“Given that the country will be experiencing La Niña until March and more than half of the appropriation has been allotted for Marawi and other specific items, the P5-billion increase will give the national government the leeway to respond to as yet unknown natural calamities,” Vargas said.
The House will formally propose raising the calamity fund during the bicameral conference committee on the 2021 general appropriations bill.
In light of the disasters affecting the country each year, Vargas also urged the national government to come up with a comprehensive mitigation, response, and rehabilitation plan for all local government units.
The plan should include provisions for housing, relocation and livelihood for residents living in permanent danger or high risk zones, and assistance to micro, small and medium enterprises, workers and other affected sectors.
“Without a comprehensive plan, the government would just be providing stop-gap measures. The national government should work with LGUs to ensure that the rehabilitation is doable, sustainable, and will protect the localities from future disasters,” Vargas said.
In a related development, Senator Christopher Go on Tuesday called on the Department of Social Welfare and Development to hasten the release of its available funds to help Filipinos in distress whose lives have been severely affected by the ongoing COVID-19 pandemic as well as recent calamities.
On the other hand, Senator Risa Hontiveros urged the DSWD to fully enforce its mental health programs for typhoon survivors, even after they leave the evacuation centers.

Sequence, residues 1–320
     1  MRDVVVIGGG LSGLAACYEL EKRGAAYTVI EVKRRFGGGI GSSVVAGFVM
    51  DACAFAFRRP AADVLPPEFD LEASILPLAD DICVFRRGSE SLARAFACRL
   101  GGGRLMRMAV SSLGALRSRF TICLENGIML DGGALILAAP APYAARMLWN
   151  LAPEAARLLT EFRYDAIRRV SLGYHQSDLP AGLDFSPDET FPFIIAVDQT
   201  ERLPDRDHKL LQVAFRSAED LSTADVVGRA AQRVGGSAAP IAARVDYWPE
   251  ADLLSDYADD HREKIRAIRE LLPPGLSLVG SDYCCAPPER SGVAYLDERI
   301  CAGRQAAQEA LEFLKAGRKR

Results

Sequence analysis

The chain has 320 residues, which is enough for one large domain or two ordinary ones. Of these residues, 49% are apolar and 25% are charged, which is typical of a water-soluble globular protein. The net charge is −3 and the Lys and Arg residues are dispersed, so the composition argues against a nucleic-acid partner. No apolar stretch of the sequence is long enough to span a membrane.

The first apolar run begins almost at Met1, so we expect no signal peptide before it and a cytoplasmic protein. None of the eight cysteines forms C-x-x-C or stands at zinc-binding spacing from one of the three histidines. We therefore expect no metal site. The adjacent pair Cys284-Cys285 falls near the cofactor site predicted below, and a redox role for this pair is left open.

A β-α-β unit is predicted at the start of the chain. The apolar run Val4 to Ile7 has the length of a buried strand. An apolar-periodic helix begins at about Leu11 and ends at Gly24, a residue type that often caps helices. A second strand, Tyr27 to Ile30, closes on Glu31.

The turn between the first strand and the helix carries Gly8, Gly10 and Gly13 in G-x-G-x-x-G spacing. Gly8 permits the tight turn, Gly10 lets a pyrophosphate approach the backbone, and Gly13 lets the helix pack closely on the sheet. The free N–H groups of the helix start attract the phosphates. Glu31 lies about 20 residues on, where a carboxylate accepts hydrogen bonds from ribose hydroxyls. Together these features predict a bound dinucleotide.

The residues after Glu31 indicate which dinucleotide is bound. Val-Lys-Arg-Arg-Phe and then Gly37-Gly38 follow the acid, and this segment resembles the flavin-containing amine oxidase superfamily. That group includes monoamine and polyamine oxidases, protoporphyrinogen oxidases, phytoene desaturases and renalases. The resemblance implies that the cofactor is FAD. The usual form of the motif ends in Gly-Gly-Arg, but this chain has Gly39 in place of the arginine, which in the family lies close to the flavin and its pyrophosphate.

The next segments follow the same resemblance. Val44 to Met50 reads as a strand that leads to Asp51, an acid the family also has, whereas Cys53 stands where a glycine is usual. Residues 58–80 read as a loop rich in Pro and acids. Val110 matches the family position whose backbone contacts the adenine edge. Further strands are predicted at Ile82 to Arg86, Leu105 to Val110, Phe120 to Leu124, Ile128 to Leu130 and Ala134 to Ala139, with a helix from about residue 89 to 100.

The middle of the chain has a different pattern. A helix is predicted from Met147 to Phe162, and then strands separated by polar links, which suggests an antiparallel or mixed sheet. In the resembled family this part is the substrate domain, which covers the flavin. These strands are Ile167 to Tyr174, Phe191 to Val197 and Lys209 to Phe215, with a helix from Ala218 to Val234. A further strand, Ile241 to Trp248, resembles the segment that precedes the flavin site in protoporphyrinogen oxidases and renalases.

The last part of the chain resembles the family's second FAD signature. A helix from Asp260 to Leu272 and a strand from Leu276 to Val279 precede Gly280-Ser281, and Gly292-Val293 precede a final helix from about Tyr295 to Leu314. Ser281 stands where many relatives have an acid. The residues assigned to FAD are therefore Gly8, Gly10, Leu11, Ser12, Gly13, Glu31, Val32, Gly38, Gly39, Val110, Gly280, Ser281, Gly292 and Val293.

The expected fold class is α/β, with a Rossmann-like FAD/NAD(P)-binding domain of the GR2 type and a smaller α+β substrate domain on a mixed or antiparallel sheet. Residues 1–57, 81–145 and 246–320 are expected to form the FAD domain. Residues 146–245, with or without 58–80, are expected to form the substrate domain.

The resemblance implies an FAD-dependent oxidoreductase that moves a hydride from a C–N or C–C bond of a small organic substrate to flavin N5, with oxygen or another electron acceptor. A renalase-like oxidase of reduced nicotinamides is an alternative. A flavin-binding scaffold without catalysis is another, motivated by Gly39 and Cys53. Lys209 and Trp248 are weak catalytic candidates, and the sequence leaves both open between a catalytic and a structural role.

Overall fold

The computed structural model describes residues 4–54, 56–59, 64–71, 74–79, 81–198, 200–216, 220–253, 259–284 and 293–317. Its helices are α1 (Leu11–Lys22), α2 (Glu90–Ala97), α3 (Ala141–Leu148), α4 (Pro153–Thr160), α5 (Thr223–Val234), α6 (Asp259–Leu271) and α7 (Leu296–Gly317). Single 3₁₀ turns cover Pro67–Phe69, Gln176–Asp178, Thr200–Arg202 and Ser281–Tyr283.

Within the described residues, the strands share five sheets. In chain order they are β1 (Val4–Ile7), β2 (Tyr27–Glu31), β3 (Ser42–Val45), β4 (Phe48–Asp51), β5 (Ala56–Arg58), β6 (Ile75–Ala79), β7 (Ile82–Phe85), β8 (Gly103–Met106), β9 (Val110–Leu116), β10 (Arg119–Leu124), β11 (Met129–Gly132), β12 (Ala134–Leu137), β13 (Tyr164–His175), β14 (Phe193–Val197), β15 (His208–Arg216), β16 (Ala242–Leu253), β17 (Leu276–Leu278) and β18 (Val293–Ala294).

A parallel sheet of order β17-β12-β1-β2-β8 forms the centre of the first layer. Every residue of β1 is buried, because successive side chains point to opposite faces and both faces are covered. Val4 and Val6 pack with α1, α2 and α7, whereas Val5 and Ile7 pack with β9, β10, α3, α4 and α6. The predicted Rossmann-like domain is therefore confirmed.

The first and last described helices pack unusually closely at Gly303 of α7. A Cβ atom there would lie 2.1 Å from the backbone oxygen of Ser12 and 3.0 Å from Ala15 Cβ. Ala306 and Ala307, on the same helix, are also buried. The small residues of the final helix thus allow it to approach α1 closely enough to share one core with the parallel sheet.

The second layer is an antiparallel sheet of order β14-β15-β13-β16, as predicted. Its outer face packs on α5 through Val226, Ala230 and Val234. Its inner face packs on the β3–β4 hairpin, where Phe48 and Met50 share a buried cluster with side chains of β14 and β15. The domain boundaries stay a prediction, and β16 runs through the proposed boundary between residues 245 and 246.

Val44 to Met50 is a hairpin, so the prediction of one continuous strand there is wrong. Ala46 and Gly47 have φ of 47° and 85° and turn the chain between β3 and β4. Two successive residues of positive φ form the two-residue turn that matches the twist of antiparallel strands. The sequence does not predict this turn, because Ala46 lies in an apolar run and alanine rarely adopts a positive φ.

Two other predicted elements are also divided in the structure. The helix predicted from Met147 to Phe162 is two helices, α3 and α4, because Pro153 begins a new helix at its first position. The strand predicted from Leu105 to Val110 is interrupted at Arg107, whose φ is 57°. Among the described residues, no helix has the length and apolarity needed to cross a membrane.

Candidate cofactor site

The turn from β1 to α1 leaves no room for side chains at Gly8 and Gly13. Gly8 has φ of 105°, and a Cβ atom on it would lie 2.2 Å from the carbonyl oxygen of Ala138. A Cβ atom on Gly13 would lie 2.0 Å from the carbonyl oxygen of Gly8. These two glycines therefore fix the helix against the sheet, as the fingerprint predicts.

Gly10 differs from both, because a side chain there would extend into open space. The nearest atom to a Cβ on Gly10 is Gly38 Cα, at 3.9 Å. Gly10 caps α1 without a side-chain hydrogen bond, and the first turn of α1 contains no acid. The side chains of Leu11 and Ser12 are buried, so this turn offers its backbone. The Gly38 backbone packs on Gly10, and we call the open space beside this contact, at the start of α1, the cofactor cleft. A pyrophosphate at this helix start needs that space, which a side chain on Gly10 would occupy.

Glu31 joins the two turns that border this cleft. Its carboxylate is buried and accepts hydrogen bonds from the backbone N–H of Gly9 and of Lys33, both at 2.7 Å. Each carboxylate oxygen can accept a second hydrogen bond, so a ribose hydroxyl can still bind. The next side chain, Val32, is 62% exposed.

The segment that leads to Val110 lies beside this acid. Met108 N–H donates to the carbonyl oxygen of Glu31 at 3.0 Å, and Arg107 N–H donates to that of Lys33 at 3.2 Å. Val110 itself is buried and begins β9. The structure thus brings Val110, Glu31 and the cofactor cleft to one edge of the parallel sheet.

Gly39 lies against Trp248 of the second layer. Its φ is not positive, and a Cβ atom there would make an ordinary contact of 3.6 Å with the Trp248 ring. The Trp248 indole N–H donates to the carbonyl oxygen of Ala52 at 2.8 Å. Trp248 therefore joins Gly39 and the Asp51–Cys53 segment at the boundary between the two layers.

She flagged the ‘snail-paced’ implementation of the disaster-related MH programs since the Department of Health and DSWD reported that guidelines were still being crafted.
“The crisis is happening right now. We need to fast-track guidelines and roll out services immediately. MH is an invaluable part of rebuilding our lives after a crisis. MH issues like anxiety and depression make it much harder for typhoon survivors to recover," she said.
The DSWD explained that the unspent P83- billion balance from its 2020 budget that was raised during a Senate budget hearing have been programmed for the implementation of various programs, activities, and projects for the remaining months of this year.
These include the P40 billion allotted for Pantawid Pamilyang Pilipino Program (4Ps); PhP2.1 billion for its Supplementary Feeding Program for Children; P 2.6 billion for its Sustainable Livelihood Program; P 3.9 billion for Social Pension for Indigent Senior Citizens; and P 13.7 billion for Assistance to Individuals in Crisis Situation Program.
The DSWD also emphasized that “these are all programmed funds indicated in the General Appropriations Act, which can only be modified upon receiving an approval from the DBM.”